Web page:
FAQs for Work Permits in Canada

FAQ – Work Permits in Canada

In this article, I will address a few popular questions and answers for work permits in Canada and some important information to consider if you are applying for a work permit application. A work permit application is intended for foreign nationals who would like to come to Canada to work and contribute to the Canadian economy. If you feel as though you would be eligible to apply for a work permit, I suggest you read our article on “Work Permit Eligibility” before reading this question and answer article. The intention of this article is meant to clarify any misunderstanding or confusion with regards to work permits in Canada.

Q: Where do I submit my work permit application?

A: The destination of where an applicant submits their work permit application entirely depends on where they live and their nationality. The foreign national applicant applying for a work permit can either apply at a visa office that is responsible for their country of citizenship or at a country where they have legal status for a minimum of one year. It is important to note that individuals that do not require a visa to enter Canada may apply for most work permits at the port of entry. However, it is also advisable to investigate prior to applying at a port of entry, if the work permit you are applying for can be applied for at a port of entry. Luckily, in Canada, there are Immigration officers at every port of entry that can assess your Canadian work permit application.

Q: Are there any conditions that come along with my work permit?

A: Yes, there are conditions that apply for work permits. This is entirely dependent on what the immigration officer designates on the permit itself. For instance, you may have conditions pertaining to the type of work you are permitted to do in Canada; the employer you are authorized to work for; where you are permitted to work; and/or how long you may work in Canada. If you are unsure of what conditions may apply on your work permit, Regulation 185 of the Immigration and Refugee Protection Regulations lists all of the possible conditions that may apply on work permits in Canada. Please note that there are conditions that apply to all work permits. Even if they are not listed directly on the permit, you must ensure to not work for an employer in any business where there may be sexual exploitation of workers, specifically strip clubs, etc. Conclusively, you must also ensure that you leave Canada at the end of your authorized stay – this is a mandatory condition for work permits.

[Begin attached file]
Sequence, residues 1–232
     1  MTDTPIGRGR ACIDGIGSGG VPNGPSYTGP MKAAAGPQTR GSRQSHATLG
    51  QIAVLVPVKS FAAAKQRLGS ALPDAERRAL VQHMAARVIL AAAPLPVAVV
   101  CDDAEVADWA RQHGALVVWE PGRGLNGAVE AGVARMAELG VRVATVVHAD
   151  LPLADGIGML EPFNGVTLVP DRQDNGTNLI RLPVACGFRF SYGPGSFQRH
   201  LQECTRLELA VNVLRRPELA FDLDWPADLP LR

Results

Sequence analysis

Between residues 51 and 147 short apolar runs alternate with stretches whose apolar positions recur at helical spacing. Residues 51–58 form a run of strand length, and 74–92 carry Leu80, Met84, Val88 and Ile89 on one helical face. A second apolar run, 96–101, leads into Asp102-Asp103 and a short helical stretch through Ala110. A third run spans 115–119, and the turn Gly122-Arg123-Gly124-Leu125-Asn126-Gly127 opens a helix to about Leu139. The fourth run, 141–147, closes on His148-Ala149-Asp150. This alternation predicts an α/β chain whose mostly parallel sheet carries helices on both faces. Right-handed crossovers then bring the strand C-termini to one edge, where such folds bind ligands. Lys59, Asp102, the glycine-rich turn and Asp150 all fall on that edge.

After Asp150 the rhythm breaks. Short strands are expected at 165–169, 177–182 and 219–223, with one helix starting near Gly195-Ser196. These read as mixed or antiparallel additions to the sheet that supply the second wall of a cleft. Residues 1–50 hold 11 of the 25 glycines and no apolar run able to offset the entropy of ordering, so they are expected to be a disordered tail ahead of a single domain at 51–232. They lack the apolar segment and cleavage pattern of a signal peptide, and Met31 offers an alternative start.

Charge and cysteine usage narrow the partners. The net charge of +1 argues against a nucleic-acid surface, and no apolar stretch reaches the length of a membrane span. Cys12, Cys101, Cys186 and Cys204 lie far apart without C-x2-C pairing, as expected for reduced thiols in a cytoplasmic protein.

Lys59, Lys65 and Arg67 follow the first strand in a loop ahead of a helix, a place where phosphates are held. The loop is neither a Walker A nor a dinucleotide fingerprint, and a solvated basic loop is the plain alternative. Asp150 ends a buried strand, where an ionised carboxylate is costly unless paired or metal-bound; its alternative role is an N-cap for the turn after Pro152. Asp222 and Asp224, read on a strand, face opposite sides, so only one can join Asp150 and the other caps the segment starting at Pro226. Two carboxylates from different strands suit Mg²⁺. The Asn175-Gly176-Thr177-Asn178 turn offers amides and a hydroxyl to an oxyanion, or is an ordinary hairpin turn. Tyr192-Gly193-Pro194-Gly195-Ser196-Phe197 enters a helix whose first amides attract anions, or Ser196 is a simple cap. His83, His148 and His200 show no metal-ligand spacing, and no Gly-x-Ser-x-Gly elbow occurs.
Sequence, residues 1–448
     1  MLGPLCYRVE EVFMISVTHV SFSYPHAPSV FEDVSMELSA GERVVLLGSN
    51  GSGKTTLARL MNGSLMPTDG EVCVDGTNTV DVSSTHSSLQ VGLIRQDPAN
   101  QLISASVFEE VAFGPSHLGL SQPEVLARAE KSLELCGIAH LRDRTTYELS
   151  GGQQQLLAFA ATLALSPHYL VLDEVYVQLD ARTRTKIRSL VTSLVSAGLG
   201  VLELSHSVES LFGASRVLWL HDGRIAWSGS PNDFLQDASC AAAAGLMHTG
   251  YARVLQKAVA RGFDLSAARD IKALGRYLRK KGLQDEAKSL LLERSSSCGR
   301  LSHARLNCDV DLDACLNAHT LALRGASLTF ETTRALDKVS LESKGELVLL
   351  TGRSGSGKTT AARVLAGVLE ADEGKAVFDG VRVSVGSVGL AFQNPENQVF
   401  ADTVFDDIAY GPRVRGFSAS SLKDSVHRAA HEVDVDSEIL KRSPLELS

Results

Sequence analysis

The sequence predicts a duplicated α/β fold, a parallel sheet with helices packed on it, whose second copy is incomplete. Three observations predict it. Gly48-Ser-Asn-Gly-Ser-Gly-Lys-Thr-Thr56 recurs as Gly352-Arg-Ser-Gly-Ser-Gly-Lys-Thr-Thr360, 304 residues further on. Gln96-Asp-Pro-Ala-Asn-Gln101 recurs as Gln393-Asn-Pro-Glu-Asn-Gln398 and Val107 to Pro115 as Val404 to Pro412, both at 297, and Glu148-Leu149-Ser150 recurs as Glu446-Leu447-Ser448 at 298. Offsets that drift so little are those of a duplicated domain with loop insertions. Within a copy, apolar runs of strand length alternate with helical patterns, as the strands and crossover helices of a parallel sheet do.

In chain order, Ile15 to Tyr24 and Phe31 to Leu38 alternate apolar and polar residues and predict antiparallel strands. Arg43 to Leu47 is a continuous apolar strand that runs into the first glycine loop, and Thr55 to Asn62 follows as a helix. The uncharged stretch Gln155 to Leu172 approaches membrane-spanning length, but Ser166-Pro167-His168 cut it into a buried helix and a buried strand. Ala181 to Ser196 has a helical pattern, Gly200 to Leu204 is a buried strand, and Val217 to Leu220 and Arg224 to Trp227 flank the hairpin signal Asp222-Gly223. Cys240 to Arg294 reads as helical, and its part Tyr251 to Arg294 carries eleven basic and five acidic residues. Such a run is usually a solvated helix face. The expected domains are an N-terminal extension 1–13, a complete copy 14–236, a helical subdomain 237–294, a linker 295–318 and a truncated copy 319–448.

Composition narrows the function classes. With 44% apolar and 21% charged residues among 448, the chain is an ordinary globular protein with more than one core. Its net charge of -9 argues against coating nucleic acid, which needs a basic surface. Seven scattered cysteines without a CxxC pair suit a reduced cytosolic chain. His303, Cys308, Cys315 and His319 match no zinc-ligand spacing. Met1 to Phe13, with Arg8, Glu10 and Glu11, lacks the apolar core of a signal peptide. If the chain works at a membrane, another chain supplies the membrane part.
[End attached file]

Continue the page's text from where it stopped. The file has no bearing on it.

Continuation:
Q: On average, how long does it take to process a work permit application?

A: The processing times for work permits entirely depend on where you are applying from. The processing times are different for every country in the world. Therefore, it is advisable to check on the Government of Canada website to see what the processing times are for your specific country.

Q: Is it possible to extend my work permit from within Canada?